Friday, October 06, 2006

Albrecht's Law: “Intelligent people, when assembled into an organization, will tend toward collective stupidity.” (1)

In the early morning hours of September 30, 1999, NASA’s Mars climate orbiter spacecraft, a $125 million marvel of engineering, designed to orbit Mars, suddenly disappeared from the screens of mission control and, seconds later, its signal vanished for ever. An investigation of this incident revealed that the NASA engineers who wrote the navigation software for the orbiter had been working in separate groups and had apparently not approached the mission as a whole. In fact, one group had been programming its calculations using metric units – kilometers and kilograms – while the other had been relying on American style English units – miles and pounds. That led to the critical flaw in the orbiter’s navigation. It inevitably burned to crisps due to friction with the atmosphere of Mars.

In his book “The Power of Minds at Work”, Karl Albrecht (picture) cites this case as an example for what is been known now as Albrecht’s law: “Intelligent people, when assembled into an organization, will tend toward collective stupidity.”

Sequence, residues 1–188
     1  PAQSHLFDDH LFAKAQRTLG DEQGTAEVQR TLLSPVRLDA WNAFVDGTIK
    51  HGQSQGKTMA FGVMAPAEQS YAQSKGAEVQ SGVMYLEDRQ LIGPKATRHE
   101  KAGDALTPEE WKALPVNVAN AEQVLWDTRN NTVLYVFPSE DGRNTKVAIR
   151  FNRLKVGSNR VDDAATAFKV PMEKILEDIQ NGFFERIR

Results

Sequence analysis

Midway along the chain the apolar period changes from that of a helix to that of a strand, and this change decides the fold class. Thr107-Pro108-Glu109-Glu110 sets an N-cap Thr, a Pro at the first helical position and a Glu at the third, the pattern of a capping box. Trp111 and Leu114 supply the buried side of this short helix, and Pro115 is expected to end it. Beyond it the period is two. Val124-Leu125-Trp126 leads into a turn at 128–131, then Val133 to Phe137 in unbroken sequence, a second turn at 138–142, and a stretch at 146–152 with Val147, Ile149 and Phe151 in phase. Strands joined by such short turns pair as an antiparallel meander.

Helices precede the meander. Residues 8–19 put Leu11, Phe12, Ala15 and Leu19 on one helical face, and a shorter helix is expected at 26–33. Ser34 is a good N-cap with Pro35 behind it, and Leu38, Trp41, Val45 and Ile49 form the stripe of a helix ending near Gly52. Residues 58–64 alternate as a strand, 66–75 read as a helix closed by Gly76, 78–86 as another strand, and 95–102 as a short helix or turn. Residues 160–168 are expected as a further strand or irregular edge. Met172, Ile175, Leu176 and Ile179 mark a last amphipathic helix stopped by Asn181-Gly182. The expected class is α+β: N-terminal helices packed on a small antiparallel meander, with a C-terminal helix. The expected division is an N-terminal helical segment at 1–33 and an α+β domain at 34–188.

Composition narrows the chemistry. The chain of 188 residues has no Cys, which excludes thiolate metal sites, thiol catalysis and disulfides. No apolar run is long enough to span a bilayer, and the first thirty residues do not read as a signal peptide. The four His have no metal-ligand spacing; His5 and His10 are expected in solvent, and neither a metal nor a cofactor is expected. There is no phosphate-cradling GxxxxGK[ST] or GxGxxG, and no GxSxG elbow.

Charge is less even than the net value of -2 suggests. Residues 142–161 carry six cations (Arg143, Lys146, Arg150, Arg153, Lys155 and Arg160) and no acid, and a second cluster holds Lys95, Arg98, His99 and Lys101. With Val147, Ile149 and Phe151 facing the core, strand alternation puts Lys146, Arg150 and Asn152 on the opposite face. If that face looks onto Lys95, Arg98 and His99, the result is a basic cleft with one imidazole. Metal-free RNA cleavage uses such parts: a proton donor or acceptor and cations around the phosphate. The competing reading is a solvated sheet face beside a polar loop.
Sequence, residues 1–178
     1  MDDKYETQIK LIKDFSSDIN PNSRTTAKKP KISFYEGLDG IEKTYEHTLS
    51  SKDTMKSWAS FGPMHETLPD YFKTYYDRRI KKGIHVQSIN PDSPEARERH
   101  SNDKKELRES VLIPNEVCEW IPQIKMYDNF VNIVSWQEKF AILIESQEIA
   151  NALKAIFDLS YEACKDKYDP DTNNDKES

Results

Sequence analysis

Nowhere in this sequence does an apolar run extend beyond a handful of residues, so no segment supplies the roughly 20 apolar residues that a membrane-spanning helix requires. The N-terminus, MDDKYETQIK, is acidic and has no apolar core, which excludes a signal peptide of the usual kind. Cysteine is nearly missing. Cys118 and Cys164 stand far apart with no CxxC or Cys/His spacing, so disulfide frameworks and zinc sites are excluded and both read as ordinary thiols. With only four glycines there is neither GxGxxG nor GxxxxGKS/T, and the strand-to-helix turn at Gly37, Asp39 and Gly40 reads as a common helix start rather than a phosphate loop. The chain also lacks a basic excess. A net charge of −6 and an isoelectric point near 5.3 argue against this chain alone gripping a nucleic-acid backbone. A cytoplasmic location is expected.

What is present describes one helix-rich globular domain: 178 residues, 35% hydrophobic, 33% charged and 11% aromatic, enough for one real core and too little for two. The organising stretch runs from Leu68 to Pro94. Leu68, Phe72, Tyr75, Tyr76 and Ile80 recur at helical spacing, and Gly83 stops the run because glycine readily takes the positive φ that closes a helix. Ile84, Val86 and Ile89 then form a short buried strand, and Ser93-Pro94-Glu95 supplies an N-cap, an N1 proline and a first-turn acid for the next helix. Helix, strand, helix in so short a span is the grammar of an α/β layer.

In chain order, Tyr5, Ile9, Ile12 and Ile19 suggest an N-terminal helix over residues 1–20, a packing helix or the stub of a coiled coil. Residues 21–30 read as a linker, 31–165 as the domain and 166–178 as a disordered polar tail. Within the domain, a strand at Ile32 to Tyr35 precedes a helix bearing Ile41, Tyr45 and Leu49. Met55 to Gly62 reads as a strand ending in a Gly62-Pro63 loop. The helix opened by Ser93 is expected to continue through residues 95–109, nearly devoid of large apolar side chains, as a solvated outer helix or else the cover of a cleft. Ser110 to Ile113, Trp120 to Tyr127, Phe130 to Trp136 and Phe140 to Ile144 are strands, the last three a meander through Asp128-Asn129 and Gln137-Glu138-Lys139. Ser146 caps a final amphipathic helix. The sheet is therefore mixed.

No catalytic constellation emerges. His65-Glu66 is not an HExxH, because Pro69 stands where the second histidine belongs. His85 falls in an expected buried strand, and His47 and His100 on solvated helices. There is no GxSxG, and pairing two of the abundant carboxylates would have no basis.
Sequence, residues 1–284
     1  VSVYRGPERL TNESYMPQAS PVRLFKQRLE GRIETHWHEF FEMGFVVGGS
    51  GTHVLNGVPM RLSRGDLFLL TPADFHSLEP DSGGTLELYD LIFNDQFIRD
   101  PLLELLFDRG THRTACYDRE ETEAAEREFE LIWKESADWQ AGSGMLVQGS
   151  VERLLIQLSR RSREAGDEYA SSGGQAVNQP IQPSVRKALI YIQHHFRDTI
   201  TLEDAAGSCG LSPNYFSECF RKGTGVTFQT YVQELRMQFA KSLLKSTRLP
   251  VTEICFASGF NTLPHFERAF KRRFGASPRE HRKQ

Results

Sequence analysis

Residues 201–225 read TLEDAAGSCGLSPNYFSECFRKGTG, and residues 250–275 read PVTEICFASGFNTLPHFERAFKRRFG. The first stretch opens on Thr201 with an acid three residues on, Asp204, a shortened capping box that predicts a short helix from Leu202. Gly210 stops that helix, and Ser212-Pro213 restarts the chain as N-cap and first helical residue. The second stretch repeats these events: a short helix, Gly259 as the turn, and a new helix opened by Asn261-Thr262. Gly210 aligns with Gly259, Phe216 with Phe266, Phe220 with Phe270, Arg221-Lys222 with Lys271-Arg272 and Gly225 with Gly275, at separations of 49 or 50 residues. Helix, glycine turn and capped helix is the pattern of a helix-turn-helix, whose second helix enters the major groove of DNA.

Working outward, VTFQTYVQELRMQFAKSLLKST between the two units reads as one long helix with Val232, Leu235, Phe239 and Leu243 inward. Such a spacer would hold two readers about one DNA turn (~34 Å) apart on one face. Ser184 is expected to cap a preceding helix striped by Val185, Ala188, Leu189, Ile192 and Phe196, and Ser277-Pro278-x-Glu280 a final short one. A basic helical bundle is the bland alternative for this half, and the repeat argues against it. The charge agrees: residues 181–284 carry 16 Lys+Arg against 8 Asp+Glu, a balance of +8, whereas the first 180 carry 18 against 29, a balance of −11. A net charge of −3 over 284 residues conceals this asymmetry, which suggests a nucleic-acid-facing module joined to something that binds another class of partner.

Arguing that in organizations, the sum of all individual minds only rarely equals the level of organizational intelligence, he identifies several factors that may contribute to this dysfunction. Based on more than 25 years’ experience as a consultant, Albrecht contends that organizational “entropy” (that is, the energy of a system that remains unavailable for conversion to work), ineffective decision-making processes, and cultural clashes arise in every organization. With employees working in separate departments, each department protecting its turf and often not knowing what the others are doing, “collective brain power gets wasted,” Albrecht says, thus compromising the mission of the enterprise. Collaboration and knowledge management, the two major buzzwords of today’s enterprise, may work on academic paper but are far from being effectively applied in practice.